Le Maraval, our home away from home, is located in southwest rural France, a stone’s throw from the Dronne river. This is wine country, foie gras country, truffle country.
The original part of the domain was built during the reign of Louis XIII in 1634, one hundred and forty two years before the American Revolution.
Our house was the Master’s House, home of the owner of a farm that stretched along the banks of the Dronne. Many of its original features, such as its fireplace, its wood floors and gigantic chestnut ceiling beams are intact.
There are rumors that persist until today that the domain was built on the site of a 13th century Manor of the Knights Templar.
One hundred and seventy six years after the original house was built, during the time of Napoleon, several other buildings were added to the domain. The garden was renovated, and the two dovecotes were built.
In the 19th century, it was a privilege to own dovecotes, and not everyone was allowed this privilege. The dovecotes, which gave shelter to doves and pigeons, also provided the lucky owner with the best fertilizer of the era: pigeon guano.
It was also during the time of Napoleon that the buildings that make up the hamlet along the river were built. These were the homes of the peasants who worked the farmland. It is likely that these structures replaced earlier ones that dated from the same period as the construction of original Le Maraval.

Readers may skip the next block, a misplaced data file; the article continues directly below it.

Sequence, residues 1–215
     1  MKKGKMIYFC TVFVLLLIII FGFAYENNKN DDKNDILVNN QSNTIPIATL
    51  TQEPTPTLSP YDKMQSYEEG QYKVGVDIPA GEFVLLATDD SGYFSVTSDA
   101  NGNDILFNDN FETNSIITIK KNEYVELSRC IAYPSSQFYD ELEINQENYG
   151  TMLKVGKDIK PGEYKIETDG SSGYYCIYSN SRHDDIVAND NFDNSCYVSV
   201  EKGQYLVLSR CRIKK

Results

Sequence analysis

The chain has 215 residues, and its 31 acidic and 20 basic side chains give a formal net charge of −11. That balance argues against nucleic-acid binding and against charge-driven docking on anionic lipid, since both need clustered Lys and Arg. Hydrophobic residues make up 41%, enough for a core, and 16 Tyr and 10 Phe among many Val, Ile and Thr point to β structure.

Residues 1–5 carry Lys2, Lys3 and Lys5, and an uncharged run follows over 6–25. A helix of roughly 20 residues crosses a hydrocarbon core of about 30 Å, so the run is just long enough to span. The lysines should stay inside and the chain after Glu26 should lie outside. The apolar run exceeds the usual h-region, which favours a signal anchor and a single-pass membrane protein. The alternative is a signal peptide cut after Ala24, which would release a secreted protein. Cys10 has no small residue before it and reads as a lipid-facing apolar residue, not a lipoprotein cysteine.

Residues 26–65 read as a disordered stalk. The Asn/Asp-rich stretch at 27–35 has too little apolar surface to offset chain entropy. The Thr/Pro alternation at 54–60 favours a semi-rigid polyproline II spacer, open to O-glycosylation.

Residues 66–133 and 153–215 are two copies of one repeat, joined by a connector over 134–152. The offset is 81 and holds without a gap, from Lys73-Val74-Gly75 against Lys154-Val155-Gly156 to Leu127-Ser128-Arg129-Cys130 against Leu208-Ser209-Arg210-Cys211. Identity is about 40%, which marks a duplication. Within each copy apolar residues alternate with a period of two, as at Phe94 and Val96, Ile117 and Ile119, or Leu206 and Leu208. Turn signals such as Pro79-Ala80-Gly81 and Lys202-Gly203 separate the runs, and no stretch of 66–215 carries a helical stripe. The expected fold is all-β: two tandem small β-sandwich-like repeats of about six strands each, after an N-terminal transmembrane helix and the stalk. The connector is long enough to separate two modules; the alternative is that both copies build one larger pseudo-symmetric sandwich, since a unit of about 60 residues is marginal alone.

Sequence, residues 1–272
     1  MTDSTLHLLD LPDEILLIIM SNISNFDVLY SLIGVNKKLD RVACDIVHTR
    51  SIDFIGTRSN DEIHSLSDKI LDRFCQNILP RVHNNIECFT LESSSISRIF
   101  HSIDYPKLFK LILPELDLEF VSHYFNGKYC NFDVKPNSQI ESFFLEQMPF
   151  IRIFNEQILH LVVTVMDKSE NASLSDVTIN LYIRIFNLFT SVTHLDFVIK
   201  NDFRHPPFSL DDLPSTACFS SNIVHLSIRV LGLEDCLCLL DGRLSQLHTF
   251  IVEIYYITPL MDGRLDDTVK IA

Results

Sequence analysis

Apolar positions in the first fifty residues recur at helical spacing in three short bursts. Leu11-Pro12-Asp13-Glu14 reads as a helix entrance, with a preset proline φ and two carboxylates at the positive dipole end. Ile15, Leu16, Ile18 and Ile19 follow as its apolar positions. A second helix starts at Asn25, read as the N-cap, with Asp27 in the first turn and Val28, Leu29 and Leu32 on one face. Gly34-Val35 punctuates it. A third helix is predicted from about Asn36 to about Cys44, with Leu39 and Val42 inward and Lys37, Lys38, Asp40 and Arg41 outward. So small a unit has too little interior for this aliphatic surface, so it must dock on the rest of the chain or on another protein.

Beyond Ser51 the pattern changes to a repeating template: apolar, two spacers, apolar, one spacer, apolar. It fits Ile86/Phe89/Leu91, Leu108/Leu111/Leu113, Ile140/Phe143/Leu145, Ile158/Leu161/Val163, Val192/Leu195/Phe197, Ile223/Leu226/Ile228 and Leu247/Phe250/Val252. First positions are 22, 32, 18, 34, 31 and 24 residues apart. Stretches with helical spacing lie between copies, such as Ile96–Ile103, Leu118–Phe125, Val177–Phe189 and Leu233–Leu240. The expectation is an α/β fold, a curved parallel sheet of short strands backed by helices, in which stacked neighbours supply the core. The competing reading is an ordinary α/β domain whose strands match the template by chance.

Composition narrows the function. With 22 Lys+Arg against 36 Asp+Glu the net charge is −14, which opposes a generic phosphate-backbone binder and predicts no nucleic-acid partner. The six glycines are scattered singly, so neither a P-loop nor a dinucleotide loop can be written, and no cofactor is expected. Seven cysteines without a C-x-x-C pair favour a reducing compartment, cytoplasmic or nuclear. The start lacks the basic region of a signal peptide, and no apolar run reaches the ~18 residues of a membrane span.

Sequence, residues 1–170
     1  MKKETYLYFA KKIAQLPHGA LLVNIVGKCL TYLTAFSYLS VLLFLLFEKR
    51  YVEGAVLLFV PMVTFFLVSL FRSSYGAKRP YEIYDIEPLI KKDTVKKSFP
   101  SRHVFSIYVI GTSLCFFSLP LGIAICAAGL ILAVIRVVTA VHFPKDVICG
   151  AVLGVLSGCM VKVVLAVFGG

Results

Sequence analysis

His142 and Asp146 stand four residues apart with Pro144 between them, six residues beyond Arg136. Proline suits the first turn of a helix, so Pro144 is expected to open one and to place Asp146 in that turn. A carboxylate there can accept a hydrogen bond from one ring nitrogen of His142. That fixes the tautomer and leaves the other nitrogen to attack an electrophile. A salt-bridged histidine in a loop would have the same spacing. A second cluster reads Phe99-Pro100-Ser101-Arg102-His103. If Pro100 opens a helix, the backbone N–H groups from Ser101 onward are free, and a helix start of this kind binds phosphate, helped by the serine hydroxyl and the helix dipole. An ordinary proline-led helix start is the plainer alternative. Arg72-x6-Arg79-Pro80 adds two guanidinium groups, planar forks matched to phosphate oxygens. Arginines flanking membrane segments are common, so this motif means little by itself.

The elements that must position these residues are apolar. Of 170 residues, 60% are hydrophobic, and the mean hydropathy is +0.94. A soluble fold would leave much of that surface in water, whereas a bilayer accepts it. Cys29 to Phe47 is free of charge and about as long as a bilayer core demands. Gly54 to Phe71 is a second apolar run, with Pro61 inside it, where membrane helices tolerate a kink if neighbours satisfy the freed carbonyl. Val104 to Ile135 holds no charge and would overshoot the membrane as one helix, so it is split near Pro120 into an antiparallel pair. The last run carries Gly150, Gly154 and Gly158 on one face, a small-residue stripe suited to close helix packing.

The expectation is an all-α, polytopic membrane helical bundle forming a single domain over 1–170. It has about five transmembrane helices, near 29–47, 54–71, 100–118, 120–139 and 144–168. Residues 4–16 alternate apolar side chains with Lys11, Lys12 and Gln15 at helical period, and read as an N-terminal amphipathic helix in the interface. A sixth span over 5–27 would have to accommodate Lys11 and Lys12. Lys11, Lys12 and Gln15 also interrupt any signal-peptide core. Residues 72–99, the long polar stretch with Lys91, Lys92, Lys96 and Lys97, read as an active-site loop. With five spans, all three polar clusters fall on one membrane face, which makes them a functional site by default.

Over time, because Napoleon instituted a law that divided inherited property equally between siblings, the domain got split up. Today its buildings and land are owned by three different families, two of them French, one of them American.
We bought the property because my mother was from the region, and on his first visit, my husband fell in love with it. It was certainly a crazy thing to do, but we have never regretted it for very long. A three hundred and seventy four year old house is a fantastic and ongoing project.
When we become blasé about the history surrounding us, we can always visit the caves ten minutes down the road. Inside, there are 17,000 year old paintings, as mysterious as they are beautiful.
But most of all, we love the lifestyle, a way of being that is hard to find in today’s world. It’s a reality in which time behaves differently. The moss embroiders the stone pathways. The vines suture the fissures in the ancient walls. The gray slate tiles on the peaks of the dovecotes ping with raindrops. Clouds roll across the village road, heavy as amber.